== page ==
The vigorous lobbying efforts of Google critics FairSearch.org and Foundem’s SearchNeutrality.org seem to be paying off. Earlier today EU Competition Commissioner Joaquin Almunia told members of the European Parliament that additional “concessions” would probably be required of Google to settle the antitrust investigation against the company and avoid litigation and potential financial penalties.
According to Reuters, Almunia said the following:
After [all the settlement proposal feedback is received] we will analyze the responses we have received, we will ask Google, probably, I cannot anticipate this formally, almost 100 percent we will ask Google: you should improve your proposals
Immediately upon release of the formal EU-Google negotiated antitrust settlement proposal roughly a month ago, Google’s critics decried it as insufficient (in some cases before it was released). For example, last week UK-based vertical search rival Foundem released a white paper that offers a point-by-point rebuttal of the settlement.
The EU exposed the settlement as part of a “market test” (comment period) that was supposed to last roughly a month, but has been extended to June 27.
My understanding is that Almunia and his team carefully negotiated the settlement provisions with Google. They were not seeing Google’s proposal for the first time last month. For that reason I had the impression that the “market test” was something of a formality to socialize the settlement terms among Google’s competitors and legislators in Europe more broadly.
It seems unlikely that Almunia wouldn’t have anticipated the negative reaction to the settlement proposal, given the very public history of rivals’ complaints against Google. (Some of Google’s critics aren’t interested in settlement but want to see litigation and fines.) It’s strange therefore that Almunia would be acting as though the negative reaction to the settlement is a surprise.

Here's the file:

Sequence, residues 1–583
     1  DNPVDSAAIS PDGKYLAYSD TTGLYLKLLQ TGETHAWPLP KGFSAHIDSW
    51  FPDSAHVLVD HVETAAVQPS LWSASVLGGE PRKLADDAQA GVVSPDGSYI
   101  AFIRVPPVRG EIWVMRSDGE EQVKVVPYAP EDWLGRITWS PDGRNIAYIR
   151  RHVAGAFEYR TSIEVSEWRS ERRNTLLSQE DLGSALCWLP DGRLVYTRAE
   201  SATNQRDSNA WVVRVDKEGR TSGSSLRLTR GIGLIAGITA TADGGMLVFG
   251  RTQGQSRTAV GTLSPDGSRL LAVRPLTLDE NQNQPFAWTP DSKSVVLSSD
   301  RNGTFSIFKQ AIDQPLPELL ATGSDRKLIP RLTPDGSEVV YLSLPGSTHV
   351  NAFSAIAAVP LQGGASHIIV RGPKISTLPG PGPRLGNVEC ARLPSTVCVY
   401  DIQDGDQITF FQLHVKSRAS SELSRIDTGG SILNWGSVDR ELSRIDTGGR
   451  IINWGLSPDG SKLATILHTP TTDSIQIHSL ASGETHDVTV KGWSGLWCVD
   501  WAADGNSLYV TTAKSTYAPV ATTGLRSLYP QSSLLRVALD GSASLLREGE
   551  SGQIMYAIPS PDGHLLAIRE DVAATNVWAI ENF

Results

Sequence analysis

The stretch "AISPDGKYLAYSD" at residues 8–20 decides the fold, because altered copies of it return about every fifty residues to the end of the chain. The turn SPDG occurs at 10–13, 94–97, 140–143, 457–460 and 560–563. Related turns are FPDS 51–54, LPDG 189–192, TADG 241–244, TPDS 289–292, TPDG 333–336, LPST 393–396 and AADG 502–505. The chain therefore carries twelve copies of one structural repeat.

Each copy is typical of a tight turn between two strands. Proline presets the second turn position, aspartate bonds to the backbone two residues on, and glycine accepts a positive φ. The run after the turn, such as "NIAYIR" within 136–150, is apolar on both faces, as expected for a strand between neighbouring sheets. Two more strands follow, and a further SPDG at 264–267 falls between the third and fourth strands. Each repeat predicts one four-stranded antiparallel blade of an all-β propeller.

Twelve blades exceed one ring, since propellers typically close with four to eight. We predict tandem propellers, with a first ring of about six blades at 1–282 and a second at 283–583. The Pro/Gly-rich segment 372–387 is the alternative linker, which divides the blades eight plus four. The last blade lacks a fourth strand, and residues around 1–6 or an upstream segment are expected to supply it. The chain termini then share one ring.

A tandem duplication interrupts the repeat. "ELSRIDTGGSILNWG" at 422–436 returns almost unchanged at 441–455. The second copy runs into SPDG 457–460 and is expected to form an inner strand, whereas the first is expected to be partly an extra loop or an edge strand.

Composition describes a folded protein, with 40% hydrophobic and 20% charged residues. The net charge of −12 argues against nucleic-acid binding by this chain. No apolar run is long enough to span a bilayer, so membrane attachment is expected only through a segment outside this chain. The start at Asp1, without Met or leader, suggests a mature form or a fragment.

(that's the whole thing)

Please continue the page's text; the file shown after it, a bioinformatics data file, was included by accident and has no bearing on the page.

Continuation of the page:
The current Google-EU settlement proposal looks very much like the US version that was approved by the US Federal Trade Commission (FTC) earlier this year. The major difference, where search is concerned, involves the inclusion of links to rival sites in Google search results. That’s intended to address the alleged “search bias” and “traffic diversion” issue (Google’s ability to place vertical content at or near the top of results). This “search bias” question was something the FTC chose to entirely avoid because the issue was a shaky one, legally, for the agency.
The “rival links” provision of the settlement proposal, expected to mollify Google’s search-bias critics, has instead created new controversy. It’s a highly problematic “solution” and one that has drawn fire accordingly. Yet it’s really not clear what search results modifications would satisfy “the market” except fairly radical ones (e.g., eliminating Universal Search entirely), which would be fundamentally unacceptable to Google.
If Almunia’s primary concern is to appease or please Google’s rivals we may see the breakdown of the settlement process. That would likely result in eventual litigation, which would be wasteful and do little to increase search competition in Europe. And I suspect the EU would be probably be on the losing end of that battle.
- EU-Google “Rival Links” Antitrust Settlement Provision Creates New Controversy
- EU Goes Public With Google Antitrust Proposals, “Market Test” FAQs
- Google’s EU Antitrust Settlement Includes Labeling, Mandatory Competitive Links And Third Party Enforcement
- Google (Finally) Gives EU A Formal Settlement Proposal As UK Mapping Rival Files Anti-Competitive Suit
- After Years Of Anti-Competitive Complaints Foundem Sues Google In UK Court
- FTC Closes Google Antitrust Case: “Law Protects Competition Not Competitors,” Not Enough Evidence To Prove “Search Bias”
- From Praise To Outrage: Reactions To Google’s Antitrust Settlement